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A Fishy Start-Up
Nikhil Arora (left) and Alejandro Velez of Back to the Roots | Photo courtesy of Back to the Roots
Nikhil Arora and Alejandro Velez didn't know each other when they enrolled in the same business ethics class at UC Berkeley. After their professor, Alan Ross, mentioned during a lecture that mushrooms can grow in coffee grounds, they approached him separately to learn more. Ross didn't have much to add about fungi, but he did introduce the curious students to each other.
"We turned Alex's fraternity into a test kitchen," Arora says, "and couldn't believe that one of the buckets actually started growing oyster mushrooms." After much research—including carting the 'shrooms to legendary Chez Panisse and asking chef-owner Alice Waters to taste them ("It was a good thing we didn't know who she was," Arora says)—they had a grow-it-yourself mushroom kit ready for market.
Since launching their company, Back to the Roots, in 2009, they've sold 350,000 of the $20 kits, diverting 3.5 million pounds of refuse from landfills per year. Now they're expanding into a new realm: home-size aquaponics.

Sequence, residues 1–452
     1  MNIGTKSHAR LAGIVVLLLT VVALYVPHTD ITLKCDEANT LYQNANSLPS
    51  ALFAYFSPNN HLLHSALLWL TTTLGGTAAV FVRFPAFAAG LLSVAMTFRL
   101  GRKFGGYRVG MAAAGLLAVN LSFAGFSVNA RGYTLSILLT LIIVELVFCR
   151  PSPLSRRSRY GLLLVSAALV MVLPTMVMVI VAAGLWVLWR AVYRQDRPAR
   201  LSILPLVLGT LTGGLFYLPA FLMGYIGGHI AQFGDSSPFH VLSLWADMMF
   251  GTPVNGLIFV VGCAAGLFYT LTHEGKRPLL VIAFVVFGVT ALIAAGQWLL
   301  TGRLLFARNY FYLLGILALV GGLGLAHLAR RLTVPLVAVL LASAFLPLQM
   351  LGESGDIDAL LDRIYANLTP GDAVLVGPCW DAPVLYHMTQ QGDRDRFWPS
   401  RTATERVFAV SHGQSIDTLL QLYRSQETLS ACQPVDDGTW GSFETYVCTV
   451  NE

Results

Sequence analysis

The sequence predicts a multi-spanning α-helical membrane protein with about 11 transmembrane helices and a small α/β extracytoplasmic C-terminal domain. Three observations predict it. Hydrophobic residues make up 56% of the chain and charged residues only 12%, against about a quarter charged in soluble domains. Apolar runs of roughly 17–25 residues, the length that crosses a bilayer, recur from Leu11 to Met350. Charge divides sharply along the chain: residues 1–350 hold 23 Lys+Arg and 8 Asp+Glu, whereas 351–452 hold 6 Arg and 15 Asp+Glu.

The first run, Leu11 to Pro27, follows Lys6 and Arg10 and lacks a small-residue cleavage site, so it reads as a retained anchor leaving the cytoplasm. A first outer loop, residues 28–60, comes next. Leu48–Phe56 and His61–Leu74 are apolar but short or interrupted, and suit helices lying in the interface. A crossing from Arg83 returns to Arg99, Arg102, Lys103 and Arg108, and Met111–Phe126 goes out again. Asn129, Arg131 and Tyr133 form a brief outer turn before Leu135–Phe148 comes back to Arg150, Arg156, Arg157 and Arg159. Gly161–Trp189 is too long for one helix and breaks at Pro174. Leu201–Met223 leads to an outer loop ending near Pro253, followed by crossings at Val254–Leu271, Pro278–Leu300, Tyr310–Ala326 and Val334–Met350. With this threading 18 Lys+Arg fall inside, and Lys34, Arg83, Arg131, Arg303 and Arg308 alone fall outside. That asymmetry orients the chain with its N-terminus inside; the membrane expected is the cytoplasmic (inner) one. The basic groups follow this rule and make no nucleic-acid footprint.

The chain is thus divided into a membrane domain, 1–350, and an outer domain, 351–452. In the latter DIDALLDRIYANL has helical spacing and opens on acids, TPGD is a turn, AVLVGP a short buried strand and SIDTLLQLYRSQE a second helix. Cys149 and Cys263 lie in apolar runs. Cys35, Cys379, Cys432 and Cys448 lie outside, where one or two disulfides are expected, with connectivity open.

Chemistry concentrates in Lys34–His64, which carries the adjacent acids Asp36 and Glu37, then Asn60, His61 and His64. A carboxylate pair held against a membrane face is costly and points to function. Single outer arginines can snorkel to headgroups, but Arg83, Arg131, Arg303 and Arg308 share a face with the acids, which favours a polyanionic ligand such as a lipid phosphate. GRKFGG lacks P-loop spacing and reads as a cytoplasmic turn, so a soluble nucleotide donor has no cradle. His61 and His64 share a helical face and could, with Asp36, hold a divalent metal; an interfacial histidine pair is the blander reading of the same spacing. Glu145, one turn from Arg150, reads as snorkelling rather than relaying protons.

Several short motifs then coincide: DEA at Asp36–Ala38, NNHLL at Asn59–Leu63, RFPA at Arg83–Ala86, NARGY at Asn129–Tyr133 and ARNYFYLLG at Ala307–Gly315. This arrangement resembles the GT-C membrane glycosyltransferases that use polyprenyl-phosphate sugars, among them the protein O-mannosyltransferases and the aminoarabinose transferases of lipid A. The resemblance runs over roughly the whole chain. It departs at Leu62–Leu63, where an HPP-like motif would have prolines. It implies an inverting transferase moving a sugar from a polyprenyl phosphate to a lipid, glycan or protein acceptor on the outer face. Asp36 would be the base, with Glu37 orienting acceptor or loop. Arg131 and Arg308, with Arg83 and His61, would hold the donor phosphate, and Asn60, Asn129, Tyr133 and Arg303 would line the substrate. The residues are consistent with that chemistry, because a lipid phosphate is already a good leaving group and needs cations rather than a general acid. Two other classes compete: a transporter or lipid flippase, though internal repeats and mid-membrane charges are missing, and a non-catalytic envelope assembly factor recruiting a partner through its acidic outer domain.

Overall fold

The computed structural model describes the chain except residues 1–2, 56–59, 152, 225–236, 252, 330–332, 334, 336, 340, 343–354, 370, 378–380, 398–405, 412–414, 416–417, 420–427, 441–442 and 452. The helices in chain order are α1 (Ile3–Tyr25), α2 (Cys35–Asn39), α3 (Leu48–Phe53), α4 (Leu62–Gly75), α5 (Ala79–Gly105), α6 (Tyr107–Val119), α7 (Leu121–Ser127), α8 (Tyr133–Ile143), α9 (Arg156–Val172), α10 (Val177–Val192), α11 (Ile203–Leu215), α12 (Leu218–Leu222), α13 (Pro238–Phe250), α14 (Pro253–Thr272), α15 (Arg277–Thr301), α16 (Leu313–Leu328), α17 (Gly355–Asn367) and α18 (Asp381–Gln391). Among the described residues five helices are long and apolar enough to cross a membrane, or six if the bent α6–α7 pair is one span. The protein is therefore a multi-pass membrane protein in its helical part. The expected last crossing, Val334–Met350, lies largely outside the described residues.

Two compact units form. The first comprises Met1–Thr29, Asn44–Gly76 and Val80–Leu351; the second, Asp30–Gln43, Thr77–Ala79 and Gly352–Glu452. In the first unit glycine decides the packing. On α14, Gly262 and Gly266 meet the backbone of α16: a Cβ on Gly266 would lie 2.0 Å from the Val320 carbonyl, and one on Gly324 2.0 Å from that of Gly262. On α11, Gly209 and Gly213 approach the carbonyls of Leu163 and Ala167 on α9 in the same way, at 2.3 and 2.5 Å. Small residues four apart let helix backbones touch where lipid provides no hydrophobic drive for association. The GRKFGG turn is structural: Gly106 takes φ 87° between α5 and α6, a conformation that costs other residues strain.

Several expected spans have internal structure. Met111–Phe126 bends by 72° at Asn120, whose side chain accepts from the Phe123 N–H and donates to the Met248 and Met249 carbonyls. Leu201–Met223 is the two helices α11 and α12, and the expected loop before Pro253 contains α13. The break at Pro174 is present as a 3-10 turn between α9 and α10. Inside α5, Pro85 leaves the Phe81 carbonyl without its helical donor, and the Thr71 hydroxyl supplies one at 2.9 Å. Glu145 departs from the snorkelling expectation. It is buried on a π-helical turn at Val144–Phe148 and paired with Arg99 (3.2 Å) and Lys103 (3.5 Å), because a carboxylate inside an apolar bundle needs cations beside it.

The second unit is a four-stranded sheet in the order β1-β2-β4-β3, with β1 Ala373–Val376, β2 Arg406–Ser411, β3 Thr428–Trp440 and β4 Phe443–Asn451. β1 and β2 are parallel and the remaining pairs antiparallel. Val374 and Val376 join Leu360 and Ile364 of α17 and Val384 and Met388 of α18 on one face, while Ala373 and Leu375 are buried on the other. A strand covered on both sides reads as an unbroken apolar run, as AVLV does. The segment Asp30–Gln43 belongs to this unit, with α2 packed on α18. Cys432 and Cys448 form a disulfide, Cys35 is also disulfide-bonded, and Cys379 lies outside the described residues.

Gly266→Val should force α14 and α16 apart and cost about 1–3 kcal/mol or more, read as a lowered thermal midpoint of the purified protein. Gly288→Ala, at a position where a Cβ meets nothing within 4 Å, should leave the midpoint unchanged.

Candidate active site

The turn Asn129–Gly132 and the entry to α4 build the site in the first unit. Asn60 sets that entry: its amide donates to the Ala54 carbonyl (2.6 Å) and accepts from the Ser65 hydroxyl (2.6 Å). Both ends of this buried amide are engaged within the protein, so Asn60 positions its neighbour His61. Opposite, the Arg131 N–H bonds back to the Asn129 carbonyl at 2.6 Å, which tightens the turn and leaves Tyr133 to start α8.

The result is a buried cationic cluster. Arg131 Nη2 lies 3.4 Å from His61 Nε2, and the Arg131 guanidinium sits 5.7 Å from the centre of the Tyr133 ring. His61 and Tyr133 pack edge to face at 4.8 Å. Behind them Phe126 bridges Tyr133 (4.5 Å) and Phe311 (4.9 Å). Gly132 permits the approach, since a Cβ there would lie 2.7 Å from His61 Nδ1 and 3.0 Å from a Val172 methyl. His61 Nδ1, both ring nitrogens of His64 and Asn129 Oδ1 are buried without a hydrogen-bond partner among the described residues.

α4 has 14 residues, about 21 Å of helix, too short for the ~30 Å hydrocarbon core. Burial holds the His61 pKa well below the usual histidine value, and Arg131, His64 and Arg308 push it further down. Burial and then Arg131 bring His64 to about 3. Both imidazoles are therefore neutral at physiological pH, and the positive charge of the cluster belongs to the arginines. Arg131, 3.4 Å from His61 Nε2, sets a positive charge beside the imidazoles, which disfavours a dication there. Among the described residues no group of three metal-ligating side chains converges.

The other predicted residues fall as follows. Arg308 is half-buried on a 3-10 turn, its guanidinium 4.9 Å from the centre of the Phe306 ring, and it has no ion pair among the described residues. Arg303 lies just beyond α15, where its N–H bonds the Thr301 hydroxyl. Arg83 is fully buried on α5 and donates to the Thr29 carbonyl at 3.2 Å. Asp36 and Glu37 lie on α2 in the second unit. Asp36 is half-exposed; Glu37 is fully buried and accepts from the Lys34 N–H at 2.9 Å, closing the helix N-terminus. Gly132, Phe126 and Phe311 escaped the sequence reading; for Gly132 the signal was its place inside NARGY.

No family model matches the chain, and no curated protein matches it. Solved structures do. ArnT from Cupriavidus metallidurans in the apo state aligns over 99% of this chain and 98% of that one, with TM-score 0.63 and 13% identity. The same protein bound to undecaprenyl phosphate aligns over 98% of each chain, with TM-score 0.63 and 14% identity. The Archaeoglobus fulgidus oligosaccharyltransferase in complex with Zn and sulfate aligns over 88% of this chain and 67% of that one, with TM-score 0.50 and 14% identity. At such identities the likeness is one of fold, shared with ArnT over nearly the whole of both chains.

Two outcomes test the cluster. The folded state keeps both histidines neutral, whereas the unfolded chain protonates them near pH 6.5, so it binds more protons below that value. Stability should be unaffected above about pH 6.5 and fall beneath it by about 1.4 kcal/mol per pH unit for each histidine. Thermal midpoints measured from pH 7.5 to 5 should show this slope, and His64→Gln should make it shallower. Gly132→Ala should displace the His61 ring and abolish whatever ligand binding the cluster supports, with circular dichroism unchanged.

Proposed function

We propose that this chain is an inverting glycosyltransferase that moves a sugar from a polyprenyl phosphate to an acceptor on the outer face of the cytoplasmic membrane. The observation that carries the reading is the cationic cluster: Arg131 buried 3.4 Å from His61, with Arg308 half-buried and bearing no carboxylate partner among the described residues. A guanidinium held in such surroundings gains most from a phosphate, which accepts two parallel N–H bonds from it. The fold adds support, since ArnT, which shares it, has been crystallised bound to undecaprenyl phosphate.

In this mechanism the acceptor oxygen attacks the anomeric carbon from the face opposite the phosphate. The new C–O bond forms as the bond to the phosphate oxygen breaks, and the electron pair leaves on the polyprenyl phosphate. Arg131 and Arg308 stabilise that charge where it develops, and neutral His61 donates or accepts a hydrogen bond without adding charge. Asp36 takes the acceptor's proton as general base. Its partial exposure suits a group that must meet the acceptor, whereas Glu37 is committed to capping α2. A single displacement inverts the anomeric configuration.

After six months of "head-down execution mode," they designed a three-gallon plastic tank that grows lettuce, basil, and wheatgrass out the top and houses fish downstairs. It's called the AquaFarm ($60), and its elegant package says simply: "Fish feed the plants. Plants clean the water."
To fund its launch, Arora and Velez went on Kickstarter, rustling up $250,000 from 4,097 supporters whose feedback helped them tweak design elements.
In the AquaFarm's self-contained ecosystem, just one betta fish's ammonia-rich poop supplies enough nourishment for five plants. The package includes seeds, fish food, recycled-glass rocks, and a Petco coupon for a 99-cent fighting fish. It's sold in more than 1,000 stores, including Petco, Nordstrom, and Whole Foods. —Avital Andrews
AquaFarm photo courtesy of Chris Roche
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